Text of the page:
Development of Short Term Storage Techniques for Grafted Vegetable Seedlings

Persistent Link:
http://hdl.handle.net/10150/293734
Title:
Development of Short Term Storage Techniques for Grafted Vegetable Seedlings
Author:
Spalholz, Hans
Issue Date:
2013
Publisher:
The University of Arizona.
Rights:
Copyright © is held by the author. Digital access to this material is made possible by the University Libraries, University of Arizona. Further transmission, reproduction or presentation (such as public display or performance) of protected items is prohibited except with permission of the author.
Embargo:
Release after 10-Nov-2013
Abstract:
Vegetable grafting confers soil-borne disease resistance through the use of selected rootstocks. Additional costs associated with grafted vegetable seedling propagation limit grower access to this technology. The use of low temperature storage in grafted seedling production reduces labor costs and allows propagators to meet the seasonal and narrow-window demand of growers. For the first part of the experiment 22 genotypes of Solanaceae or Cucurbitaceae seedlings were evaluated in low temperature storage conditions (5 or 12°C). Seedling performance was better in 12°C storage than in 5°C storage. For the second part of the experiment watermelon, the most low-temperature sensitive species found in our first study, was grafted onto two different commercial rootstocks or on to other watermelon seedlings and stored at 12°C for two and four weeks. Both 'Strong Tosa' and 'Emphasis' rootstocks conferred chilling tolerance during storage to watermelon scions, allowing storage of grafted plants for two weeks.
Type:
text; Electronic Thesis
Keywords:
low temperature; plant growth chamber; rootstock; seedling storage; storability; Plant Science; controlled environment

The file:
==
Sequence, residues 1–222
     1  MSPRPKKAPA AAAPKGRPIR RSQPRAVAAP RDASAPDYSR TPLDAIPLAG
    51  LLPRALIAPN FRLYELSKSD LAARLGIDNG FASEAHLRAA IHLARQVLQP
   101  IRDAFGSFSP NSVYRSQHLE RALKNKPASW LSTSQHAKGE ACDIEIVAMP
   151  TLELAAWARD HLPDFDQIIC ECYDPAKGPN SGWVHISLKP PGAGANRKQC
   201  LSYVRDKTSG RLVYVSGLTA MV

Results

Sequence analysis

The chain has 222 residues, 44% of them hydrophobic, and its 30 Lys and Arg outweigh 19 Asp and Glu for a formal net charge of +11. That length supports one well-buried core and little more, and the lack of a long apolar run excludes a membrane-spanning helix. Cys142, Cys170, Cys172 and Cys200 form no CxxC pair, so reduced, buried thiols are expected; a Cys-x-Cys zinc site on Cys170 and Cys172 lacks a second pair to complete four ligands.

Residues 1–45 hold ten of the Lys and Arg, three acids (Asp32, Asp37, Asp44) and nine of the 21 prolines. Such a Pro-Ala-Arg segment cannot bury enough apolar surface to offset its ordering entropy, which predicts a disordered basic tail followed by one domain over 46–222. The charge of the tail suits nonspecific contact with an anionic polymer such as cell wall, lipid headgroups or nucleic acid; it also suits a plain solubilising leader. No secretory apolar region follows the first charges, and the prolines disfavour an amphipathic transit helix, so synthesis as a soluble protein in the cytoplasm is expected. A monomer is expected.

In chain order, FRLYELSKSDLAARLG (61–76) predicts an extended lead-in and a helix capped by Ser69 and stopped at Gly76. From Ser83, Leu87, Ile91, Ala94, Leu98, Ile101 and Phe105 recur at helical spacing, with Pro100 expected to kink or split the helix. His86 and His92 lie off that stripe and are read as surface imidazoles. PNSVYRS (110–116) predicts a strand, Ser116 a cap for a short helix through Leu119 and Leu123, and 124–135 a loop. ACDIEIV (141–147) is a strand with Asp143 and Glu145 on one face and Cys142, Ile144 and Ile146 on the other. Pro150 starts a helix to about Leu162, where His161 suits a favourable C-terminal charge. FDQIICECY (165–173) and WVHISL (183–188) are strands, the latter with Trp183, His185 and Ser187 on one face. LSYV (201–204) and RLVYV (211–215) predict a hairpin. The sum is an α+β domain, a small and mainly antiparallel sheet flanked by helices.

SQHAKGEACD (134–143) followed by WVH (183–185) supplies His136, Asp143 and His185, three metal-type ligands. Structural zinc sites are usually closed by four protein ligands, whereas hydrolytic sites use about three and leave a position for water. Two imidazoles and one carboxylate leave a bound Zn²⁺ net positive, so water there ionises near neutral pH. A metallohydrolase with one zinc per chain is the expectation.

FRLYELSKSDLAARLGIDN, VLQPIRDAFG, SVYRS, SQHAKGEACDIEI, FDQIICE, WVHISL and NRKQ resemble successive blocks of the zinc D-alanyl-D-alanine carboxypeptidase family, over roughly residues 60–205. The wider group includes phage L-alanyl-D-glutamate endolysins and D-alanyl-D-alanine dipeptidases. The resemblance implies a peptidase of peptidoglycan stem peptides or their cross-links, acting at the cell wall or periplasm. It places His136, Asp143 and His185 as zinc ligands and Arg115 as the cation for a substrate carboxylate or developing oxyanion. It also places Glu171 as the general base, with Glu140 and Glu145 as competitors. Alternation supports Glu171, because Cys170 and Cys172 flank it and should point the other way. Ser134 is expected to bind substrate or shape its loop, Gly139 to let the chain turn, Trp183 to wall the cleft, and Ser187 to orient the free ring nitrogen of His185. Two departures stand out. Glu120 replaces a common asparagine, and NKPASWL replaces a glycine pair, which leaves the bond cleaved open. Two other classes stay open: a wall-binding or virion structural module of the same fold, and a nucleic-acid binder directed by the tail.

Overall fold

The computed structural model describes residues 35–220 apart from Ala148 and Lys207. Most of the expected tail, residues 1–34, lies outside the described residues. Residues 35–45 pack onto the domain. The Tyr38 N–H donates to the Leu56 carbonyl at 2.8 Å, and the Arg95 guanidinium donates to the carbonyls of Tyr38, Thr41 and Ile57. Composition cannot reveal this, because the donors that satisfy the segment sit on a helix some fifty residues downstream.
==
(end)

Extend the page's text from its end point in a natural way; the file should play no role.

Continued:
Degree Name:
M.S.
Degree Level:
masters
Degree Program:
Graduate College; Plant Science
Degree Grantor:
University of Arizona
Advisor:
Kubota, Chieri

Full metadata record

DC FieldValue Language
dc.language.isoenen_US
dc.titleDevelopment of Short Term Storage Techniques for Grafted Vegetable Seedlingsen_US
dc.creatorSpalholz, Hansen_US
dc.contributor.authorSpalholz, Hansen_US
dc.date.issued2013-
dc.publisherThe University of Arizona.en_US
dc.rightsCopyright © is held by the author. Digital access to this material is made possible by the University Libraries, University of Arizona. Further transmission, reproduction or presentation (such as public display or performance) of protected items is prohibited except with permission of the author.en_US
dc.description.releaseRelease after 10-Nov-2013en_US
dc.description.abstractVegetable grafting confers soil-borne disease resistance through the use of selected rootstocks. Additional costs associated with grafted vegetable seedling propagation limit grower access to this technology. The use of low temperature storage in grafted seedling production reduces labor costs and allows propagators to meet the seasonal and narrow-window demand of growers. For the first part of the experiment 22 genotypes of Solanaceae or Cucurbitaceae seedlings were evaluated in low temperature storage conditions (5 or 12°C). Seedling performance was better in 12°C storage than in 5°C storage. For the second part of the experiment watermelon, the most low-temperature sensitive species found in our first study, was grafted onto two different commercial rootstocks or on to other watermelon seedlings and stored at 12°C for two and four weeks. Both 'Strong Tosa' and 'Emphasis' rootstocks conferred chilling tolerance during storage to watermelon scions, allowing storage of grafted plants for two weeks.en_US
dc.typetexten_US
dc.typeElectronic Thesisen_US
dc.subjectlow temperatureen_US
dc.subjectplant growth chamberen_US
dc.subjectrootstocken_US
dc.subjectseedling storageen_US
dc.subjectstorabilityen_US
dc.subjectPlant Scienceen_US
dc.subjectcontrolled environmenten_US
thesis.degree.nameM.S.en_US
thesis.degree.levelmastersen_US
thesis.degree.disciplineGraduate Collegeen_US
thesis.degree.disciplinePlant Scienceen_US
thesis.degree.grantorUniversity of Arizonaen_US
dc.contributor.advisorKubota, Chierien_US
dc.contributor.committeememberSchuch, Ursulaen_US
dc.contributor.committeememberOttman, Mikeen_US
All Items in UA Campus Repository are protected by copyright, with all rights reserved, unless otherwise indicated.